Engineering that engine into the 964 chassis moves the game along to the next stage for sure. Some of the frustrations are long gone, the car without a doubt easier to drive with the improved chassis and steering. Remaining behind is much of that period dashboard layout, with the more upright windscreen giving a lovely view of the front wings, though inevitably creating a little more wind noise on the A pillars. More importantly, they give the 964 the classic silhouette that soon evolved away.
Best of all, the challenge is still there. The challenge of ensuring the boost is building at just the right moment on the corner exit, taking the angle out of the steering to keep the car flat, driving more on boost than on RPM, making the tail squat down without creating understeer at the front, ever aware that if you do get it wrong, the punishment can at times be spectacularly significant. With the replacement 993 Turbo being all-wheel drive, this was expected to be the final incarnation of a rear-wheel drive Turbo – before Porsche realised the sales appeal of something intimidating and built us the GT2 series to intensify the Espresso experience.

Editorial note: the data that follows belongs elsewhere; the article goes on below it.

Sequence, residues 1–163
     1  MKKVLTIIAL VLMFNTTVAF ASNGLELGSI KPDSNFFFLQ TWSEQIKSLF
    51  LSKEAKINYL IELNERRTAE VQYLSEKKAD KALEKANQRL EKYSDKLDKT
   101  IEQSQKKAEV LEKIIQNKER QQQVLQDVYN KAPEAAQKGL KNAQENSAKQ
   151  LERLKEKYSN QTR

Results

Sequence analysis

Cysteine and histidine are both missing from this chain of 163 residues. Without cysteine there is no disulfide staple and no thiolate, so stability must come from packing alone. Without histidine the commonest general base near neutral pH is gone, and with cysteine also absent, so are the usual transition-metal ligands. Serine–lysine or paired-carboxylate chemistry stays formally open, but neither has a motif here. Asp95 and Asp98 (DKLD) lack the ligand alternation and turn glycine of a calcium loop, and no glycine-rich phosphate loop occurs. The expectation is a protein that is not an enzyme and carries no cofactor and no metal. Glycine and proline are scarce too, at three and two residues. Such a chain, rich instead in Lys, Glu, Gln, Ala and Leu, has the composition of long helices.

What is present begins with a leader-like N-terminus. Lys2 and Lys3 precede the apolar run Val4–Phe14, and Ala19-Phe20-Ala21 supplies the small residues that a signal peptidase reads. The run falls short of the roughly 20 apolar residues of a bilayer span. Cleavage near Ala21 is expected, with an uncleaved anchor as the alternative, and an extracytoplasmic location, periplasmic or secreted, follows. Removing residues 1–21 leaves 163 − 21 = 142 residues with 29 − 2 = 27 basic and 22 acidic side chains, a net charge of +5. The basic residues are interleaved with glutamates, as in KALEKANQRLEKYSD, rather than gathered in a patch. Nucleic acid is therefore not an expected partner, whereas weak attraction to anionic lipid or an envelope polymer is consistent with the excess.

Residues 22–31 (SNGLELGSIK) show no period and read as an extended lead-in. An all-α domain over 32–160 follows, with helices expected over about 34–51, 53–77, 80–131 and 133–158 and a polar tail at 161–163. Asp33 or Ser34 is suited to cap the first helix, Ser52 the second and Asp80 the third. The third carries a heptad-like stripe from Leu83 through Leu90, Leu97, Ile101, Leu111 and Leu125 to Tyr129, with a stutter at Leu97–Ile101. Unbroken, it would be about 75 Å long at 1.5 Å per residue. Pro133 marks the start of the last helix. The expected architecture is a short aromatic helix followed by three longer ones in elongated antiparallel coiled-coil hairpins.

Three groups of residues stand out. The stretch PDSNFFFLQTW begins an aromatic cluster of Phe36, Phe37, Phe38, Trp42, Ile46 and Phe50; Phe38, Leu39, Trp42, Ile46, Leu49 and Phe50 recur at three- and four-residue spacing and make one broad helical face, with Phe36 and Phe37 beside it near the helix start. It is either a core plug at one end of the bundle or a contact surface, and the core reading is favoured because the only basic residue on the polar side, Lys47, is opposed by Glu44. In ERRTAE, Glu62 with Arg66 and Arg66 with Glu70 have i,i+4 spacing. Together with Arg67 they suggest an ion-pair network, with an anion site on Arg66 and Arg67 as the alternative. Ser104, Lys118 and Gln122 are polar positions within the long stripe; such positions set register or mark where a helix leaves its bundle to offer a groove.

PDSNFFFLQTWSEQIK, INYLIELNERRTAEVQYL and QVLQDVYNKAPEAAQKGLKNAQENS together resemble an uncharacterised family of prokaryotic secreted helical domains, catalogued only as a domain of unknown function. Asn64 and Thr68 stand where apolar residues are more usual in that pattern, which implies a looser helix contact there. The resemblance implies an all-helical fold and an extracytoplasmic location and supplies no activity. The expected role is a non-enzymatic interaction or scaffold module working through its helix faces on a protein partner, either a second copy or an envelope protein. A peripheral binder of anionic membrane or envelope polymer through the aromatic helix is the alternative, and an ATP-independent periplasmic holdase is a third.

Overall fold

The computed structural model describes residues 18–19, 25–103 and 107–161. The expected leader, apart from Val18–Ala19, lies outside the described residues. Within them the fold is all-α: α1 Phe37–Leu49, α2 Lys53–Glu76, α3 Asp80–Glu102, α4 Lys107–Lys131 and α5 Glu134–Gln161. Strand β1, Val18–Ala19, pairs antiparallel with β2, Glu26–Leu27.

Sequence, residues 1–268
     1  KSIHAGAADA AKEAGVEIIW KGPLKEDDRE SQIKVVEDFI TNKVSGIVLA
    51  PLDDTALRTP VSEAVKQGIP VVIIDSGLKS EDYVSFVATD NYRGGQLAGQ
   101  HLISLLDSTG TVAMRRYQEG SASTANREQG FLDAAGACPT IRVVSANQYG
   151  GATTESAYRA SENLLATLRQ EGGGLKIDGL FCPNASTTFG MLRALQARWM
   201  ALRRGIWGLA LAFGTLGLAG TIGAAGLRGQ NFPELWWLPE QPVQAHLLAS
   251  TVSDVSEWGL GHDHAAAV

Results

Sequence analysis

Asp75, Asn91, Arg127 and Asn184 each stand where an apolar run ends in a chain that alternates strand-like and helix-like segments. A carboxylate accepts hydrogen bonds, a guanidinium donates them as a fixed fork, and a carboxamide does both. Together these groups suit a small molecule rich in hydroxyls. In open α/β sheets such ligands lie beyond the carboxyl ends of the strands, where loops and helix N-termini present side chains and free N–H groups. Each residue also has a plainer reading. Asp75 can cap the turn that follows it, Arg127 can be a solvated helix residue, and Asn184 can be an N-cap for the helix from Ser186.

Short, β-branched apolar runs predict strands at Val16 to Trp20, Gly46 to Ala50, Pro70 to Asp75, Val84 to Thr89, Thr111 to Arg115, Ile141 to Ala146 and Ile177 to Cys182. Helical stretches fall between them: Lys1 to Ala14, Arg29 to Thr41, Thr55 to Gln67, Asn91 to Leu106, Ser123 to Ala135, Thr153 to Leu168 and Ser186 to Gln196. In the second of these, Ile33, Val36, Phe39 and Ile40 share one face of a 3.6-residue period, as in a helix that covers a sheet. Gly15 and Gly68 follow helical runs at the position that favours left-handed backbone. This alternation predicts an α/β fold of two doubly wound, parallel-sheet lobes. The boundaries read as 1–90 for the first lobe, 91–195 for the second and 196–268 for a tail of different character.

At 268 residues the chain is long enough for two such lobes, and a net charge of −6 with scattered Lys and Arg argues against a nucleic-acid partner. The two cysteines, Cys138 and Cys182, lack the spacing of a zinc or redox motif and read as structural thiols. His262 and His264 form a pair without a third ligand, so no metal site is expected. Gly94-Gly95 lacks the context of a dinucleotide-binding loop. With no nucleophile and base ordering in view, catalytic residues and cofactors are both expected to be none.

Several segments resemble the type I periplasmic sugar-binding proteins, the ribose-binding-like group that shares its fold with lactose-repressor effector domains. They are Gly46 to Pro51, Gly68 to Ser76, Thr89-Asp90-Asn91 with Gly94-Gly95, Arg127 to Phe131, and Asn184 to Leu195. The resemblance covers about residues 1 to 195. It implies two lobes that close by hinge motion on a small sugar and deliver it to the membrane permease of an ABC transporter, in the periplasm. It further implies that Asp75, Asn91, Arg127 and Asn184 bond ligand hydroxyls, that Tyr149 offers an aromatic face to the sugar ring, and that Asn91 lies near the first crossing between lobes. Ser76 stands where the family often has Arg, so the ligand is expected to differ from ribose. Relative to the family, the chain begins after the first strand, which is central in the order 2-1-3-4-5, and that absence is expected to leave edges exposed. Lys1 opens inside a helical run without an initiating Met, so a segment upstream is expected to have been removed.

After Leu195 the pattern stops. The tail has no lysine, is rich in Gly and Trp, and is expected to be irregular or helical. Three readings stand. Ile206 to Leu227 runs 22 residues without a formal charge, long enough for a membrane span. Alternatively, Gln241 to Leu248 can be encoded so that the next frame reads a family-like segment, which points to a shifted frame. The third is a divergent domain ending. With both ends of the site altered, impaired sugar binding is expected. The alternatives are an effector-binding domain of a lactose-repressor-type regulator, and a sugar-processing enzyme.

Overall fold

I remain a 911 Turbo fan. As much as I love the high-rpm howl of the GT3 that stirs the hairs on my neck as much as anyone, for on-road driving there is something really quite addictive about that mid-range punch in the lower back that a turbocharged 911 gives. Slower traffic becomes simply a minor irritation, overtaking dispatched with an efficiency that, to others, could appear to be slightly ridiculous, and is indeed a factor to bear in mind when seen by the wider public in these cars in this era of the dashcam.